Moisture stress effects on biomass partitioning in two Sonoran Desert annuals

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The relative biomass accumulation rate and allocation to reproduction were quantified for Plantago insularis and Schismus barbatus, growing under four different levels of moisture stress. Analysis of growth by an allometric method indicated that seasonal growth rates were modified by water input, and for all water input treatments Schismus grew more rapidly than Plantago. As the growing season progressed and ambient temperatures rose, incremental water input had an inverse effect upon relative root growth of both species. Relative foliar growth rate of either species was not markedly altered by water input. When reproductive structures were present, their growth rates were higher than those of vegetative structures in both species. Schismus responded to water input by significantly increasing the biomass allocated to reproduction, which increased relative reproductive allocation. The computed reproductive allocation of Plantago is not correlated with water input, although the ultimate reproductive biomasses were correlated with the summation of plant moisture stress during reproduction. Thus, the bar-day formulation is useful in estimating the relative sensitivity of reproduction to drought for native annual species growing in similar habitats with varying levels of moisture stress.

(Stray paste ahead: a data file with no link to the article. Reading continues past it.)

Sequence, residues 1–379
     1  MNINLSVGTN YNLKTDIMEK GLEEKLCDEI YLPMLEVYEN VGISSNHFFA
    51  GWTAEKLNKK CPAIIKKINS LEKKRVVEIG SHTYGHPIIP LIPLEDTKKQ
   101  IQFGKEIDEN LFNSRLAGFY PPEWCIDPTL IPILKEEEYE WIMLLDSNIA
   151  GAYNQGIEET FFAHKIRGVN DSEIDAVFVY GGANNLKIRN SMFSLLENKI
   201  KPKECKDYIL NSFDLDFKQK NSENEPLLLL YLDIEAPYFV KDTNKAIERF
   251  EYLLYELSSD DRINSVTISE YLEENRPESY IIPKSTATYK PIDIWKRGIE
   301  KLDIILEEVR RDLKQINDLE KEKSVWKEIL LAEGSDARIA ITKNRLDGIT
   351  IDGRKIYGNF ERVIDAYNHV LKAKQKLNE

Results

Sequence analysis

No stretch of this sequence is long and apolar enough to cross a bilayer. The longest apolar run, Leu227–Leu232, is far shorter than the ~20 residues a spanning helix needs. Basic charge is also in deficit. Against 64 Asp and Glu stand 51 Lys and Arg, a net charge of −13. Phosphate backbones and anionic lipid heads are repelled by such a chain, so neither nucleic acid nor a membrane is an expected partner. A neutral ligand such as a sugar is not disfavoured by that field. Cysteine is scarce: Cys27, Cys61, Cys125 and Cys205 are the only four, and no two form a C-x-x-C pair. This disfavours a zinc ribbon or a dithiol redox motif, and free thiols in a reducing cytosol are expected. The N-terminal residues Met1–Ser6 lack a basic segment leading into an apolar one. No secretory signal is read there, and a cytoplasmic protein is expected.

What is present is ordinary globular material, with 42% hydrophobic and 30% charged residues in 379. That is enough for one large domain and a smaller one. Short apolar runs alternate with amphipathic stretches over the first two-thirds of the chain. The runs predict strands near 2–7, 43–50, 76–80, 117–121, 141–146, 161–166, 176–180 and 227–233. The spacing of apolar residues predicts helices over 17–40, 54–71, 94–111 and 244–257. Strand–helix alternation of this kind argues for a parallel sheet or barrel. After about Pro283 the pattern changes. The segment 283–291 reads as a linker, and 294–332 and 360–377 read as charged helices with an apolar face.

Drought; Heat; Plant moisture stress; Plant reproduction; Sonoran Desert


Desert Ecology | Plant Biology | Terrestrial and Aquatic Ecology

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